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UIO(9)		       FreeBSD Kernel Developer's Manual		UIO(9)

     uio, uiomove, uiomove_frombuf, uiomove_nofault -- device driver I/O rou-

     #include <sys/types.h>
     #include <sys/uio.h>

     struct uio	{
	     struct  iovec *uio_iov;	     /*	scatter/gather list */
	     int     uio_iovcnt;	     /*	length of scatter/gather list */
	     off_t   uio_offset;	     /*	offset in target object	*/
	     ssize_t uio_resid;		     /*	remaining bytes	to copy	*/
	     enum    uio_seg uio_segflg;     /*	address	space */
	     enum    uio_rw uio_rw;	     /*	operation */
	     struct  thread *uio_td;	     /*	owner */

     uiomove(void *buf,	int howmuch, struct uio	*uiop);

     uiomove_frombuf(void *buf,	int howmuch, struct uio	*uiop);

     uiomove_nofault(void *buf,	int howmuch, struct uio	*uiop);

     The functions uiomove(), uiomove_frombuf(), and uiomove_nofault() are
     used to transfer data between buffers and I/O vectors that	might possibly
     cross the user/kernel space boundary.

     As	a result of any	read(2), write(2), readv(2), or	writev(2) system call
     that is being passed to a character-device	driver,	the appropriate	driver
     d_read or d_write entry will be called with a pointer to a	struct uio be-
     ing passed.  The transfer request is encoded in this structure.  The
     driver itself should use uiomove()	or uiomove_nofault() to	get at the
     data in this structure.

     The fields	in the uio structure are:

     uio_iov	 The array of I/O vectors to be	processed.  In the case	of
		 scatter/gather	I/O, this will be more than one	vector.

     uio_iovcnt	 The number of I/O vectors present.

     uio_offset	 The offset into the device.

     uio_resid	 The remaining number of bytes to process, updated after

     uio_segflg	 One of	the following flags:

		 UIO_USERSPACE	The I/O	vector points into a process's address

		 UIO_SYSSPACE	The I/O	vector points into the kernel address

		 UIO_NOCOPY	Do not copy, already in	object.

     uio_rw	 The direction of the desired transfer,	either UIO_READ	or

     uio_td	 The pointer to	a struct thread	for the	associated thread;
		 used if uio_segflg indicates that the transfer	is to be made
		 from/to a process's address space.

     The function uiomove_nofault() requires that the buffer and I/O vectors
     be	accessible without incurring a page fault.  The	source and destination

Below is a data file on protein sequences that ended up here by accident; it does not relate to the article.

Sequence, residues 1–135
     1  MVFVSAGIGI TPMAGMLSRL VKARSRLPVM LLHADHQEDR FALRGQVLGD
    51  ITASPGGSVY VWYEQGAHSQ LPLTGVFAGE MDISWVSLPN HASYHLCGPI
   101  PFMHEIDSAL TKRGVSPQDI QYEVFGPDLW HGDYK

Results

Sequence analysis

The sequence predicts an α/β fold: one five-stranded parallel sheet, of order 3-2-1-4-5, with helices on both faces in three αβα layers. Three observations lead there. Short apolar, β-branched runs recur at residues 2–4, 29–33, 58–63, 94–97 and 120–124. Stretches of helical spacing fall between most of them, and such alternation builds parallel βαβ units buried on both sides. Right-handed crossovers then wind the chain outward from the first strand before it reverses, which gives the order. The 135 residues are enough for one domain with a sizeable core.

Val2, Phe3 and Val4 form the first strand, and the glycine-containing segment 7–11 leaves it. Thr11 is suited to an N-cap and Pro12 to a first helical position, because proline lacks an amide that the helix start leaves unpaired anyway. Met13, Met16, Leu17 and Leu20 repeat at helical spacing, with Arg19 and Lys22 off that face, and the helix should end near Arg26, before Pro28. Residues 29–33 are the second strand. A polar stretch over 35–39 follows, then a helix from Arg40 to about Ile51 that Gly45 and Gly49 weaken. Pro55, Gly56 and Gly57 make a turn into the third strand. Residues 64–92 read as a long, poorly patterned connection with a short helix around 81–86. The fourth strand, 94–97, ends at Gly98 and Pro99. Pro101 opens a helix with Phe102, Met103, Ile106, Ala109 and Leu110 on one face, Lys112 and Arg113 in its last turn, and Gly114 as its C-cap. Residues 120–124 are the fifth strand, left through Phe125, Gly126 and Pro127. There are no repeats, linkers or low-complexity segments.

addresses must be physically mapped for read and write access, respec-
     tively, and neither the source nor	destination addresses may be pageable.
     Thus, the function	uiomove_nofault() can be called	from contexts where
     acquiring virtual memory system locks or sleeping are prohibited.

     The uiomove_frombuf() function is a convenience wrapper around uiomove()
     for drivers that serve data which is wholly contained within an existing
     buffer in memory.	It validates the uio_offset and	uio_resid values
     against the size of the existing buffer, handling short transfers when
     the request partially overlaps the	buffer.	 When uio_offset is greater
     than or equal to the buffer size, the result is success with no bytes
     transferred, effectively signaling	EOF.

     On	success	uiomove(), uiomove_frombuf(), and uiomove_nofault() will re-
     turn 0; on	error they will	return an appropriate error code.

     The idea is that the driver maintains a private buffer for	its data, and
     processes the request in chunks of	maximal	the size of this buffer.  Note
     that the buffer handling below is very simplified and will	not work (the
     buffer pointer is not being advanced in case of a partial read), it is
     just here to demonstrate the uio handling.

     /*	MIN() can be found there: */
     #include <sys/param.h>

     #define BUFSIZE 512
     static char buffer[BUFSIZE];

     static int	data_available;	     /*	amount of data that can	be read	*/

     static int
     fooread(struct cdev *dev, struct uio *uio,	int flag)
	     int rv, amnt;

	     rv	= 0;
	     while (uio->uio_resid > 0)	{
		     if	(data_available	> 0) {
			     amnt = MIN(uio->uio_resid,	data_available);
			     rv	= uiomove(buffer, amnt,	uio);
			     if	(rv != 0)
			     data_available -= amnt;
		     } else
			     tsleep(...);    /*	wait for a better time */
	     if	(rv != 0) {
		     /*	do error cleanup here */
	     return (rv);

     uiomove() and uiomove_nofault() will fail and return the following	error
     code if:

     [EFAULT]		The invoked copyin(9) or copyout(9) returned EFAULT

     In	addition, uiomove_nofault() will fail and return the following error
     code if:

     [EFAULT]		A page fault occurs.

     read(2), readv(2),	write(2), writev(2), copyin(9),	copyout(9), sleep(9)

     The uio mechanism appeared	in some	early version of UNIX.

     This manual page was written by Jorg Wunsch.

FreeBSD	13.0			March 11, 2017			  FreeBSD 13.0


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